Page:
Healthy Eating for Your Active Lifestyle

February is Heart Month which is a great time to learn more about heart disease. Did you know that heart disease refers to a group of conditions, from angina to valve disorders, that affect the structure and function of the heart? How about the fact that 1.3 million Canadians live with heart disease? Or that nine out of ten Canadians have at least one risk factor for heart disease?

DASH to a Healthy Heart


Risk factors for heart disease

Heart disease has a number of risk factors that can be classified in two ways:

  • Risk factors you cannot control, such as age and gender
  • Risk factors you can control, such as high blood pressure, being overweight and smoking

To learn more about the different types of risk factors for heart disease, take the Risk Assessment from the Heart and Stroke Foundation.

Focus on high blood pressure

High blood pressure, also called hypertension. Hypertension means that your blood is moving through your arteries at a higher pressure than normal. This causes the heart to work harder, damages blood vessels and increases risk for heart disease, kidney problems and stroke.

The DASH diet

A specific pattern of eating called the DASH (Dietary Approaches to Stop Hypertension) diet lowers blood pressure which reduces risk for heart disease.

What is the DASH diet?

The DASH diet promotes a variety of nutrient-rich foods with an emphasis on vegetables and fruit, whole grains, low-fat milk products and meat alternatives, such as nuts and pulses. As a result, the DASH diet is rich in calcium, potassium and magnesium and high in fibre. Limiting sodium intake is also recommended as part of the eating pattern.

Table 1 shows the number of recommended servings from the DASH diet based on a diet of 2,000 calories a day. You may need more or less calories to maintain your healthy weight, however this table can still serve as a helpful guideline of which foods to focus on.

Table 1. The DASH Eating Plan

FoodNumber of daily servingsExample of serving size
Grains6 – 81 slice whole wheat bread, 1/2 cup cooked rice, pasta or cereal*choose whole grains such as oats, millet, barley, bulger and quinoa most often
Vegetables4 – 51/2 cup raw or cooked vegetable, 1 cup raw leafy vegetable, 3/4 cup vegetable juice
Fruit4 – 51 medium fruit, 1/4 cup dried fruit, 1/2 cup fresh, frozen or canned fruit
Low fat milk products2- 31 cup skim or 1% milk, 1 cup low fat yogurt (2% milk fat or less), 1.5 oz low fat cheese (19% milk fat or less)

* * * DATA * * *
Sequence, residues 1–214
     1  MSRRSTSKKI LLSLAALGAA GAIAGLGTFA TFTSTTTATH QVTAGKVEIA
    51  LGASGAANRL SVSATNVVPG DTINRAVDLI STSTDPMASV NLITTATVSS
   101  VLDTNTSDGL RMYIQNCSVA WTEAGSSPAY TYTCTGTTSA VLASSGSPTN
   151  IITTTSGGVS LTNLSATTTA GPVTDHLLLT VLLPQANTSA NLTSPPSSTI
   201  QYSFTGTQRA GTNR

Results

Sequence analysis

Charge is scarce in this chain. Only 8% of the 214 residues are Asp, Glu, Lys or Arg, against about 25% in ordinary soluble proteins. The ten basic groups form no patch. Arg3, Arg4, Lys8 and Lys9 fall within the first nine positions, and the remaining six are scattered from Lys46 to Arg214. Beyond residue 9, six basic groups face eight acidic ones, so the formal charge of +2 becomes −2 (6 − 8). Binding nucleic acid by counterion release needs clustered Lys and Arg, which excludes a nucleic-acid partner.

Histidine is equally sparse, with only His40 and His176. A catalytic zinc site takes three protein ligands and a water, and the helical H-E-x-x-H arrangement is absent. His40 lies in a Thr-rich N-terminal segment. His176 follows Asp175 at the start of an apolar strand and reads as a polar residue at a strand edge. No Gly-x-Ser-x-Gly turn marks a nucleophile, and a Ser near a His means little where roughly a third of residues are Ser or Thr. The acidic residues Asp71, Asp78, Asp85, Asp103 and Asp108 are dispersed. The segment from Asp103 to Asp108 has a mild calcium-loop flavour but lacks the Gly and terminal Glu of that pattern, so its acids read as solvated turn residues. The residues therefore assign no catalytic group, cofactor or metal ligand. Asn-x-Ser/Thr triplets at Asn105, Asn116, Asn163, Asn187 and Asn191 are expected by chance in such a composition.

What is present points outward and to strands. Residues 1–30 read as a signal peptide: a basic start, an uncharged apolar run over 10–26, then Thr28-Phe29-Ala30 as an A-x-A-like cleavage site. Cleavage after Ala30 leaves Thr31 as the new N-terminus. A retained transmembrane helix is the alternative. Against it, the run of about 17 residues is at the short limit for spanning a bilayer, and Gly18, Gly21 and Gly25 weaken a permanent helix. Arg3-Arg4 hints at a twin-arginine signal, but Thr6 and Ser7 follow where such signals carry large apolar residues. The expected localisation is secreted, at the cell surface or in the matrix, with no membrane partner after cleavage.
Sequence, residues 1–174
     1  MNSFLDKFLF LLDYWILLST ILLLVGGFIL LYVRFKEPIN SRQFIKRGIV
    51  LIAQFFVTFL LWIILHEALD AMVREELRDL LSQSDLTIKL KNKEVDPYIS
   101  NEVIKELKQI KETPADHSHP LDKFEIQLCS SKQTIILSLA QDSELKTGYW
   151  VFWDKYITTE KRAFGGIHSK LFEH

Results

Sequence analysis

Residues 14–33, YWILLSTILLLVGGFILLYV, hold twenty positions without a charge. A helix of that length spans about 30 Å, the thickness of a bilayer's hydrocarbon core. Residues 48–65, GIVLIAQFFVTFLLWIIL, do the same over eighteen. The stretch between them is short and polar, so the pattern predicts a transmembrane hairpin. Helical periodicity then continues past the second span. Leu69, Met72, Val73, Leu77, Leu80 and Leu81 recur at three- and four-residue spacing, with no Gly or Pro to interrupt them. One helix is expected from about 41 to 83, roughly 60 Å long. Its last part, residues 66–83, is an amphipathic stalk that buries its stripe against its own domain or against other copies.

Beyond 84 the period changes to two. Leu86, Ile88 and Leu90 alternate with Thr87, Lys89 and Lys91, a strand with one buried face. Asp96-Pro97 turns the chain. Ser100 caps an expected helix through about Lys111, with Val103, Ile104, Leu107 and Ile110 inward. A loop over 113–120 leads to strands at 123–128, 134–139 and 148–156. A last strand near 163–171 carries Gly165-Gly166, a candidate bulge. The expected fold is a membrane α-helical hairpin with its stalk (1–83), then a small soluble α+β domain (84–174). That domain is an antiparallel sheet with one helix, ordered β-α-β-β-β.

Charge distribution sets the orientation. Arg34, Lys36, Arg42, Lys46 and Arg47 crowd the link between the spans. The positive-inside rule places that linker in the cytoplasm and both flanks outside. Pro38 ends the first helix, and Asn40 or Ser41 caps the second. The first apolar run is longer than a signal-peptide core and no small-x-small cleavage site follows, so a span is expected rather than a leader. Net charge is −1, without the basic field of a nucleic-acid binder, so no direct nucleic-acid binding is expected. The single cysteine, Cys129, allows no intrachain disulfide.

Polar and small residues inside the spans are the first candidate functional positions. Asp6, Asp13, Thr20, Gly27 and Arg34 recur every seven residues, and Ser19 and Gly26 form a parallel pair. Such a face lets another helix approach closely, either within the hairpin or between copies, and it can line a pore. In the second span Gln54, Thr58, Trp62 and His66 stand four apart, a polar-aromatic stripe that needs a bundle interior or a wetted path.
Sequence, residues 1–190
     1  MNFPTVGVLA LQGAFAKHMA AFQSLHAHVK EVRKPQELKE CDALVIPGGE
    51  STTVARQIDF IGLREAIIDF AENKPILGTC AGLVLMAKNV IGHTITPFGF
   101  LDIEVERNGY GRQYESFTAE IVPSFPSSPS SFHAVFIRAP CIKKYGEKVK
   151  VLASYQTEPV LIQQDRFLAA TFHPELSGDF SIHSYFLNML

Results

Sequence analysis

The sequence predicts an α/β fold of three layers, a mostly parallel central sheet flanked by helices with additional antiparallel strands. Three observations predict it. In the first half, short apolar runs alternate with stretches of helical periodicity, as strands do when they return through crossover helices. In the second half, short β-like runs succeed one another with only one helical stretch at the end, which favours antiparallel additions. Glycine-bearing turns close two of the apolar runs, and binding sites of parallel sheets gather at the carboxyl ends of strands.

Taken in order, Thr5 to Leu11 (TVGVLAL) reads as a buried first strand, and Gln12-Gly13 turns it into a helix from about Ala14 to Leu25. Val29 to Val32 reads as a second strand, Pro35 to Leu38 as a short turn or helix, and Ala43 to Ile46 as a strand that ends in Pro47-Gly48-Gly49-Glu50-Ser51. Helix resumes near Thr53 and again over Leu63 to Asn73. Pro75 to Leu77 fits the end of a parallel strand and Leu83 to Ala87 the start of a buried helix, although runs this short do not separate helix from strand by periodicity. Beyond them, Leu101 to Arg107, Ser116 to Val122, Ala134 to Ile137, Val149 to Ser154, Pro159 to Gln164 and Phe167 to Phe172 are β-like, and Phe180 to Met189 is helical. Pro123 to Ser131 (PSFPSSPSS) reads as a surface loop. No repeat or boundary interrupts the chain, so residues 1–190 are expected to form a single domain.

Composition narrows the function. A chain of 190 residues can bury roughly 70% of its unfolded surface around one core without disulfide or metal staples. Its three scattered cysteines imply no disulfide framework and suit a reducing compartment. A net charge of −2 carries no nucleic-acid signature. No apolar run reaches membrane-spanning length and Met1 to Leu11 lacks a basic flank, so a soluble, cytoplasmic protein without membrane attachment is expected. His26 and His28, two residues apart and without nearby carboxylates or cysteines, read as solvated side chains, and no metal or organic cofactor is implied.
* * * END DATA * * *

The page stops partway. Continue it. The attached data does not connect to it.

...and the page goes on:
lean meat, poultry and fish2 or fewer3 oz cooked lean meat, skinless poultry or fish, 2 eggs
nuts, seeds and pulses4 – 5 times per week1/3 cup unsalted nuts (e.g.almonds, walnuts), 2 Tbsp peanut butter, 2 Tbsp seeds (e.g.sunflower, pumpkin), 1/2 cup cooked pulses (e.g. kidney beans, chickpeas)
Fats and oils2 – 31 tsp non hydrogenated margarine, 1 tsp oil (e.g. olive, canola), 1 Tbsp low fat mayonnaise or light salad dressing

For more information visit The Dash Diet to lower high blood pressure by the Heart and Stroke Foundation

Research behind the DASH diet

The Dash Diet is based on two studies provide evidence that the DASH diet is effective in lowering blood pressure.
In the initial DASH study, participants followed one of three eating patterns:

  • Typical North American diet
  • Typical North American diet, plus extra vegetables and fruit
  • DASH diet, emphasizing vegetables, fruit and low fat dairy foods

Blood pressure was lower in both groups that consumed additional vegetables and fruit. However, participants who followed the DASH diet had the lowest blood pressure within two weeks of following the plan.

The second study found that the more the amount of sodium was reduced in the DASH diet, the greater the blood pressure was reduced.

Article revised December 2018

February is Heart Month which is a great time to learn more about heart disease. Did you know that heart disease refers to a group of conditions, from angina to valve disorders, that affect the structure and function of the heart? How about the fact that 1.3 million Canadians live with heart disease? Or that nine out of ten Canadians have at least one risk factor for heart disease?

Jaclyn Chute

Registered Dietitian

Jaclyn (BSc, RD) is a registered dietitian and nutrition educator at Alberta Milk. Integrating the science of nutrition with the taste of great food is her passion, whether at work or in her kitchen.

Article posted on February 1, 2012



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The Expert Says

“The research around the DASH diet shows the powerful positive effect that a healthy diet can have on our bodies. That is great encouragement to eat healthily for life,” says Jaclyn Chute, registered dietitian at Alberta Milk.